There should be plenty of turkeys in Maine for this Thanksgiving. Credit: BDN file photo

As COVID-weary Mainers head into their second Thanksgiving of the pandemic, one thing they won’t have to worry about is a turkey shortage this year.

The overall production of fresh turkeys is down 1.4 percent compared with last November, according to the U.S. Department of Agriculture. At the same time, ongoing supply chain disruptions, shortages in packaging materials and labor — issues all related to the pandemic — are driving turkey costs up.

That means people may need to be flexible on what size bird graces the holiday table and pay a bit more for it, but supplies look good both at the national and local levels.

“There are going to be turkeys, for sure,” said Scott Greaney of Greaney’s Turkey Farm in Mercer. “There are issues with the turkey processors around the country, but no one is going to let those turkeys just sit around.”

According to Rusty Friel, assistant meat manager at the Hannaford Supermarket on Broadway in Bangor, the large processors are having difficulty keeping up with demand. That means a lot of turkeys are sitting around getting bigger waiting to be butchered and processed.

“We should be fine having enough to supply our customers,” said Rusty Friel, assistant meat manager at the Hannaford Supermarket on Broadway in Bangor. “But from what I understand the smaller birds won’t be around.”

Last year saw an increased demand for smaller turkey due to pandemic restrictions on travel and gatherings. That trend appears to be continuing this holiday, but Greaney said people are also looking for the larger birds up to 30 pounds.

If you only need a smaller bird but all you can find is a large turkey, then you need to start thinking about your leftovers. The trick, according to Kathy Savoie, food safety professor with University of Maine Cooperative Extension, is planning ahead because leftovers have a finite shelf life.

“If you know you are going to have too large of a turkey for the people you are having over, make sure you have a plan of what you will do with the leftovers,” Savoie said. “You only have three or four days from a food safety standpoint to keep them refrigerated and reuse.”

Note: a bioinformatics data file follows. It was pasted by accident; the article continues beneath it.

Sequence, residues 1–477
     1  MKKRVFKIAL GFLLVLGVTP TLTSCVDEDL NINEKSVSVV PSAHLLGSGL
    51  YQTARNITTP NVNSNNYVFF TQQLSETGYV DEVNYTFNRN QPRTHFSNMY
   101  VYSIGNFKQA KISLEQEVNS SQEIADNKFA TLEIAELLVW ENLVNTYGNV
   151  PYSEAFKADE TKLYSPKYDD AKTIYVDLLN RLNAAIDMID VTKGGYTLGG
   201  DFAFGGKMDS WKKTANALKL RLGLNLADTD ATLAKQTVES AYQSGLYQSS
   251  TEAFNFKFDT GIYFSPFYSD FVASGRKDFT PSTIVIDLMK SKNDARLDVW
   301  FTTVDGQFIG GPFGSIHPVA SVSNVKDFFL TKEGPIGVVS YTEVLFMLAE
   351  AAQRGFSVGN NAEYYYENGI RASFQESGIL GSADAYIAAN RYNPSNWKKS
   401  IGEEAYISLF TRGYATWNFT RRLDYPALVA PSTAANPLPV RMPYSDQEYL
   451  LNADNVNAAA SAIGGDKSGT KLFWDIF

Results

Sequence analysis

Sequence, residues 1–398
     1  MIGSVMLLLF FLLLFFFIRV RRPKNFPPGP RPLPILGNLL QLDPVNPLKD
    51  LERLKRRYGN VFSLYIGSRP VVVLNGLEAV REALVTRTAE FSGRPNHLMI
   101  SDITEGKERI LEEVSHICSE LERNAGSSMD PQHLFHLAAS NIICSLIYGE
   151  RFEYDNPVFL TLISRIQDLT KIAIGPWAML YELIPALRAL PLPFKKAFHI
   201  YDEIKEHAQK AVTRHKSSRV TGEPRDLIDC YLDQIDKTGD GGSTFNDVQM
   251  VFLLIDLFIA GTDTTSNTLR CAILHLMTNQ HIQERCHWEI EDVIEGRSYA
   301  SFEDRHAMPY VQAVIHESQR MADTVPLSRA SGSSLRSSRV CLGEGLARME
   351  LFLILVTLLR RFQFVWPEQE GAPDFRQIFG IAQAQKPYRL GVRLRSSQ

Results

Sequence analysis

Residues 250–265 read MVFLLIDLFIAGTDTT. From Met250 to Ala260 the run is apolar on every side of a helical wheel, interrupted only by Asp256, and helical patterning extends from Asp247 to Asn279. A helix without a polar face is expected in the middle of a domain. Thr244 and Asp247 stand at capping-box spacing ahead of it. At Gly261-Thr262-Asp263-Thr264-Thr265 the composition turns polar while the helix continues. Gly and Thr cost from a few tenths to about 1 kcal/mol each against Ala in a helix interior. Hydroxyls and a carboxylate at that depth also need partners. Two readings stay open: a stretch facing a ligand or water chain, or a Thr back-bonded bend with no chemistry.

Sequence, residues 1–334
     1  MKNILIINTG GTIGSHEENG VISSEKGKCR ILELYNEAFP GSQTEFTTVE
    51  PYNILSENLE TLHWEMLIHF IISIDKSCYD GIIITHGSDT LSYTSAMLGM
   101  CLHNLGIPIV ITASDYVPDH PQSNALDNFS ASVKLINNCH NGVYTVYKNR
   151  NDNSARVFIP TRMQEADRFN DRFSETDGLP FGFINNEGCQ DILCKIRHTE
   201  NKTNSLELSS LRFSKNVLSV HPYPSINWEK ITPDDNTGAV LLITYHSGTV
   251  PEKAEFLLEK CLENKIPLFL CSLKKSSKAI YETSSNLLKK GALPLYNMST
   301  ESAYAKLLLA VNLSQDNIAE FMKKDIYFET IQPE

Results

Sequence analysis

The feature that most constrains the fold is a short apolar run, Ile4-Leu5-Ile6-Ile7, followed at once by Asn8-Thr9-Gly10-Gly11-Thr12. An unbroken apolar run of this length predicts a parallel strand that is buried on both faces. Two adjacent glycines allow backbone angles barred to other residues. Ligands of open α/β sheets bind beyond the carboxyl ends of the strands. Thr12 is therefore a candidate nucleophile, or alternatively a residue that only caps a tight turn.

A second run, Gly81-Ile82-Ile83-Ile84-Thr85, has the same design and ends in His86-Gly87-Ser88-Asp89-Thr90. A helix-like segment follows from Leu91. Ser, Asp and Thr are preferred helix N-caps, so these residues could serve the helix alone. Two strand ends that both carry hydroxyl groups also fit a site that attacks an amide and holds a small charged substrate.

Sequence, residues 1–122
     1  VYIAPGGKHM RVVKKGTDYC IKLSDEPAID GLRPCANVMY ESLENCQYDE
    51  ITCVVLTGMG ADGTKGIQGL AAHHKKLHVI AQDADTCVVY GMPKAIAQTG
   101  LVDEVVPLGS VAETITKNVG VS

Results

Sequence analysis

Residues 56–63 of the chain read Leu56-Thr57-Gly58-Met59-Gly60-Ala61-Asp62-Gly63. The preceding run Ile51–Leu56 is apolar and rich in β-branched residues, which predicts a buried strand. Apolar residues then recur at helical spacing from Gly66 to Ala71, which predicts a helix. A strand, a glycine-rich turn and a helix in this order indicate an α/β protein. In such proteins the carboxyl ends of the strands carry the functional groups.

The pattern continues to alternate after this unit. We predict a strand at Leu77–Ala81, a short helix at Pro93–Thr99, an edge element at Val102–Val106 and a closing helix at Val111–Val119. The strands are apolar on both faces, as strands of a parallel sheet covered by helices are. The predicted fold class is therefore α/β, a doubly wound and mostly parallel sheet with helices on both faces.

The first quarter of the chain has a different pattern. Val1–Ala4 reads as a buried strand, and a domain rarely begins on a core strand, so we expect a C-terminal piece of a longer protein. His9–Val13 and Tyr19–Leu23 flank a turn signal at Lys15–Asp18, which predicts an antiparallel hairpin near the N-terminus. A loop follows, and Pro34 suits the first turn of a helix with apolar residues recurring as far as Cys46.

Savoie recommends freezing leftovers. She likes to remove leftover turkey meat from the bones, chop or shred it and store it in 2-cup portions. She advises labeling and dating the packages before placing them in the freezer.

“Once it’s in the freezer it is safe to eat indefinitely as long as it stays at or below zero-degrees Fahrenheit,” she said. “But from a quality standpoint, you want to move it along within six months.”

Frozen leftover turkey meat is excellent to have on hand for casseroles, soups, stews or other warming winter comfort foods, Savoie said.

Once they get to the stores, those holiday turkeys are going to cost a bit more, Friel said.

“The bulk price for the Hannaford turkeys are going to be $1.69 and $1.79 for the Butterballs,” Friel said.

On the local level, Greaney said sales of fresh, farm-raised turkeys have been brisk.

“We started selling our Thanksgiving turkeys in September,” Greaney said. “In my 40 years of doing this I have never sold Thanksgiving turkeys in September.”

Greaney believes it’s fears around the disruptions in the national supply chains that is driving the local turkey market this year.

“People are saying turkeys may be in short supply, so why not buy them now?” he said. “So I have people ordering two or three at a time — one for Thanksgiving, one for Christmas and one to have later this winter.”

Even with those orders, Greaney is confident he can meet the demand. And he is happy to do so.

Whatever size bird people want this year, Greaney said he and other turkey farmers around Maine are happy to help.

“We really want to thank people for buying local,” Greaney said. “You just don’t know how much we appreciate it.”

And he said farmers are ready to do what they can to make this year a memorable holiday celebration.

“This is Maine,” he said. “We sell twin lobster dinners and we can sell twin turkey dinners so if we don’t have a 30-pounder we can sell you two 15-pounders.”

Julia Bayly

Julia Bayly is a reporter at the Bangor Daily News with a regular bi-weekly column. Julia has been a freelance travel writer/photographer since 2000.